Iowa. Louis Trinca-Pasat. 249. player. 44. A good overall aggressive DT. His motor alone will probably make him a higher pick but, he doesn’t have the size that people look for. Still, he’s an interesting prospect that could become a pretty good backup overall. I know there’s a lot of small school prospects here but, that’s because I believe in production over potential. Even if that is against lesser talent. However, I do believe with this draft, we find small gems everywhere that could improve all three phases of football.. DT
Previous Picks: Round 1 – CB Trae Waynes; Round 2 – OLB Eli Harold; Round 3 – RB Jeremy Langford; Round 4 – G Mitch Morse; Round 5 – FB Jalston Fowler; Round 6 – ILB Ramik Wilson
225. player. 44. With their first pick in the 7th round the Falcons select Darryl Baldwin. He knows how to block the zone scheme coming from the spread offense Ohio State ran, he is very strong and fluid tackle.. T. Ohio State. Darryl Baldwin
Mario Alford. 249. player. 44. Fast, athletic receiver from West Virginia. The Falcons need some competition at the slot receiver position. He will provide that and tons of speed.. WR. West Virginia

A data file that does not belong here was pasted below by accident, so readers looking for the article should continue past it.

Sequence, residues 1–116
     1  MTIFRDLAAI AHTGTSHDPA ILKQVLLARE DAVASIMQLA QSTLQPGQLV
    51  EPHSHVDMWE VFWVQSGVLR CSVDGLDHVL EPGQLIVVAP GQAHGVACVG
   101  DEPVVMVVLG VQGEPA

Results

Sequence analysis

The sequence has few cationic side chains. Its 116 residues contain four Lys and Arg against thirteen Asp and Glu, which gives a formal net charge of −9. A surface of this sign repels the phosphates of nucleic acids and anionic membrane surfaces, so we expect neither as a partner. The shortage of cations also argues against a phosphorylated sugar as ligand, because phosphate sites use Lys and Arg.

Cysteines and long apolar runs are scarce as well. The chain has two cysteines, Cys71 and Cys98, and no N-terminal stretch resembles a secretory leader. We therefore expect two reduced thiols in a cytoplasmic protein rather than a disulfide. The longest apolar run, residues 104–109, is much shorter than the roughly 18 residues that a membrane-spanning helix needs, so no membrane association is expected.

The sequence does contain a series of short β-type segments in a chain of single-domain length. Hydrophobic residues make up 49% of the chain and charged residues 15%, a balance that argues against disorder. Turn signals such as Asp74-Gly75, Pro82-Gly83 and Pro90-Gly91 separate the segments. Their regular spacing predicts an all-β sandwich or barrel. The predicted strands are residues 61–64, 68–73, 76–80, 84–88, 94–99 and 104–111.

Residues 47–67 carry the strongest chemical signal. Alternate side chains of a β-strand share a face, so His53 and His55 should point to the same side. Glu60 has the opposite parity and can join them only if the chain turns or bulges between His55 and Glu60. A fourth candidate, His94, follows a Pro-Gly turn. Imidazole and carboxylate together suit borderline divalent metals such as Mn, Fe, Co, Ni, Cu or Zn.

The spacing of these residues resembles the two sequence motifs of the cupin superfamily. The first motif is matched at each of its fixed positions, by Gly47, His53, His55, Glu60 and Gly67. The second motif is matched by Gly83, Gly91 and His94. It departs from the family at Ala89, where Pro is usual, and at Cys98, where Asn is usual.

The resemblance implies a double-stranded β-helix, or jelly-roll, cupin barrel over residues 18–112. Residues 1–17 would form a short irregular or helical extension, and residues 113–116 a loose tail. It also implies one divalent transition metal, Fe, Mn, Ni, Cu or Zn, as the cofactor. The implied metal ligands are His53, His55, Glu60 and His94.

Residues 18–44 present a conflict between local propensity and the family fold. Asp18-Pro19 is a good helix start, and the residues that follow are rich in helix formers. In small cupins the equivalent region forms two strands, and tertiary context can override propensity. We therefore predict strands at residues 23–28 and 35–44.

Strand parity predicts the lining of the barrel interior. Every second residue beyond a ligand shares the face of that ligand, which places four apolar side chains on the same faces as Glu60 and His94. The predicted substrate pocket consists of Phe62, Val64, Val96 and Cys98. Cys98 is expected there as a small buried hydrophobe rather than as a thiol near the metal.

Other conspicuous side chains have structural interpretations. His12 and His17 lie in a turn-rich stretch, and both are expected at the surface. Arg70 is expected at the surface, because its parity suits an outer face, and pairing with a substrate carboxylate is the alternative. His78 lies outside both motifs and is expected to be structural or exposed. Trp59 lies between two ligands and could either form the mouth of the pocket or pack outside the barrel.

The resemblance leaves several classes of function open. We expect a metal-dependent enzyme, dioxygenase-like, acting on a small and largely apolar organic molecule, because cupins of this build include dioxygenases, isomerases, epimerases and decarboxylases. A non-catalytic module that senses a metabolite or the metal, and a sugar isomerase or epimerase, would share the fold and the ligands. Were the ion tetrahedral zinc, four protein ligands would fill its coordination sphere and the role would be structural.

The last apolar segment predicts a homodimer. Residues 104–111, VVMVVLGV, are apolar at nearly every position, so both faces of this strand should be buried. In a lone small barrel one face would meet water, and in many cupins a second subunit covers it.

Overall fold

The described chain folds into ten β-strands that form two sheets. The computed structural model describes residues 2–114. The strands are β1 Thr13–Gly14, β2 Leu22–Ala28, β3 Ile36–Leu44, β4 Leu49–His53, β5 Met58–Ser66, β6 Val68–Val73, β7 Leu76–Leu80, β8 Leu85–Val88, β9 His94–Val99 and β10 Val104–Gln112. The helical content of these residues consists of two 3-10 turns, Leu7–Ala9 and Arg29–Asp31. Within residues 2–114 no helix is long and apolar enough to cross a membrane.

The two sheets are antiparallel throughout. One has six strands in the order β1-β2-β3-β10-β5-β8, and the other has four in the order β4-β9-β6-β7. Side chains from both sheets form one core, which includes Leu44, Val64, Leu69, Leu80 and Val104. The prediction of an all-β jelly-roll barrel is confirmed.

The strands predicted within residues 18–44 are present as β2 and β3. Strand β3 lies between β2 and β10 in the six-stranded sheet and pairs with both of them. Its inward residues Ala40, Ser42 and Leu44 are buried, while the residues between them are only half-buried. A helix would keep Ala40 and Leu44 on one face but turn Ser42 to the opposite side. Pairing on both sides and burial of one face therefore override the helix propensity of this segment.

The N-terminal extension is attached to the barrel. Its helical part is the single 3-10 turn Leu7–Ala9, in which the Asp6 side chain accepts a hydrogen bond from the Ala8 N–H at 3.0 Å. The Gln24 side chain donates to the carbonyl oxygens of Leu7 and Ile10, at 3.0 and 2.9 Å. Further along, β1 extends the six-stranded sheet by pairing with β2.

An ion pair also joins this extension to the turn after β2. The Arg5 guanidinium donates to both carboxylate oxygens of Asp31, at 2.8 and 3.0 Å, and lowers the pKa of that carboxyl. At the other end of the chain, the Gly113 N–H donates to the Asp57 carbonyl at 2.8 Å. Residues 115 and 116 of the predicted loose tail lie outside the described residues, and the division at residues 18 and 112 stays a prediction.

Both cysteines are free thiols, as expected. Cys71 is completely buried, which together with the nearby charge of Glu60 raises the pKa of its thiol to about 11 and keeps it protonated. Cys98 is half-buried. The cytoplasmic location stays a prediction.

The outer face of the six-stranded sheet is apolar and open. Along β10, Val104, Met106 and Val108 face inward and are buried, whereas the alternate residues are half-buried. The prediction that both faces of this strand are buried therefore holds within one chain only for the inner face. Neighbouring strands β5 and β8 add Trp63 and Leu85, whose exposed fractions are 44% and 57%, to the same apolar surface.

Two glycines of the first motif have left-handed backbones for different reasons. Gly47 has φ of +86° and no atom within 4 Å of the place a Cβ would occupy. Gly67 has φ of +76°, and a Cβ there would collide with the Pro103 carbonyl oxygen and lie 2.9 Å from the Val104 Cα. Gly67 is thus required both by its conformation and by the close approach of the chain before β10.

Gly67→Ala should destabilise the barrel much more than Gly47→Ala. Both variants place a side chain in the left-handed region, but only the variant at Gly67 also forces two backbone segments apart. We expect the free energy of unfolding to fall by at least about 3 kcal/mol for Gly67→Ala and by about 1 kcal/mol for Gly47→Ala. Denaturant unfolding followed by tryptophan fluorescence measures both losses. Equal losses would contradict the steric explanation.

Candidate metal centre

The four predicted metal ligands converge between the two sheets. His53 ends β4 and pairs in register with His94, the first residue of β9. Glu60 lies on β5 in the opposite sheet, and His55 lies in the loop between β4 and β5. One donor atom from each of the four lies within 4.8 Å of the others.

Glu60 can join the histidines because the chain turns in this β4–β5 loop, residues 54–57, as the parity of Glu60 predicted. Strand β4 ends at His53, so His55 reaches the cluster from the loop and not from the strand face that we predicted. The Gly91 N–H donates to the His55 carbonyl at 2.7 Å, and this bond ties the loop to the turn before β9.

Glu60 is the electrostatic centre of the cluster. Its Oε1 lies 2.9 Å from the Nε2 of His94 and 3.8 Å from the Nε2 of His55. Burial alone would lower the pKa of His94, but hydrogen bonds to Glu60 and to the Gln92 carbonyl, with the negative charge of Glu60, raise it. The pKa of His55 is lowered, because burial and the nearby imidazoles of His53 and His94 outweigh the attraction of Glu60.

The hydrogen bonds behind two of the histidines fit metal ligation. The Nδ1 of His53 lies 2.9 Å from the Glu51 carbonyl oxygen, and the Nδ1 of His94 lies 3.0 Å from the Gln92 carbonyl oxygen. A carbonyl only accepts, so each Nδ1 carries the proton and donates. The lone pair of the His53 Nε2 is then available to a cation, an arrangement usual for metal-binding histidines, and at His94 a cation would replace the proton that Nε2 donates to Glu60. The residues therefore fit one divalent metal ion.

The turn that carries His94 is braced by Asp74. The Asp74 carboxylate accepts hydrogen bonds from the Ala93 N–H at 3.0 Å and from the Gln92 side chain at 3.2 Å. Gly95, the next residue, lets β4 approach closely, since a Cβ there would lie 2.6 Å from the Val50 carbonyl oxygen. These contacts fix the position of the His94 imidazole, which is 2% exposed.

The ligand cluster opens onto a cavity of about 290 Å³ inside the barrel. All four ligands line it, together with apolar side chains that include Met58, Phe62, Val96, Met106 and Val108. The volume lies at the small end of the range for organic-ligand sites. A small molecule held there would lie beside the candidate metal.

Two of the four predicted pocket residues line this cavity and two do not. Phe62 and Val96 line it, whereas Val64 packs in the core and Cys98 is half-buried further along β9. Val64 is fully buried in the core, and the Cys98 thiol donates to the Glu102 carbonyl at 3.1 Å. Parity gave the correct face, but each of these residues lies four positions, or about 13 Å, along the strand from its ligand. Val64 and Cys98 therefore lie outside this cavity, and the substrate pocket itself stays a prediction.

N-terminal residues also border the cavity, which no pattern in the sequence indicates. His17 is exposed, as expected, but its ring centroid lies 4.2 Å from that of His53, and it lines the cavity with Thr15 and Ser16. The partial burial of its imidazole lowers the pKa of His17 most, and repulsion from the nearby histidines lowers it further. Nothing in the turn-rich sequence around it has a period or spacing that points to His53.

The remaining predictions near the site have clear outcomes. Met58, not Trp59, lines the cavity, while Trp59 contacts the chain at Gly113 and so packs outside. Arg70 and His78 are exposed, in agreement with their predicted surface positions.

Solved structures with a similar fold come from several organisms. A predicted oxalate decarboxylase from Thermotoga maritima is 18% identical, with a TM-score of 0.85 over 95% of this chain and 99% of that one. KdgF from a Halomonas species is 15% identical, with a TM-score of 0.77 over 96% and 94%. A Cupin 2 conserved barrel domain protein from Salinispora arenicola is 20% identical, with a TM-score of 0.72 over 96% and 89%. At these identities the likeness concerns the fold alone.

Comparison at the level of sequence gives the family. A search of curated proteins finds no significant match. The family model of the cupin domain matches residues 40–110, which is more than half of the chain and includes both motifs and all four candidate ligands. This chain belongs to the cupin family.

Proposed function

Previous Picks: Round 1 – OLB Randy Gregory; Round 2 – C/G Ali Marpet; Round 3 – DE Nate Orchard; Round 4 – S Durell Eskridge; Round 5 – RB David Cobb; Round 6 – TE Wes Saxton
Virginia Tech. Kyshoen Jarrett. 225. player. 44. With two picks in the seventh round, the Falcons should look to add athletic, high ceiling guys. Despite the team’s poor play in 2014, filling needs with seventh rounders is not advisable, so these should be projects. With that in mind, I’ve taken<br />SS Kyshoen Jarrett from Virginia Tech. Jarrett is a hard nosed, aggressive safety, and may fit as a tweener LB/S in certain packages. Limited in coverage, Jarrett sees the ball carrier and sells out for him, sometimes overcommitting. Leading the Combine in bench press reps and the 3 cone drill may help his stock, but he should be there for the Falcons.. SS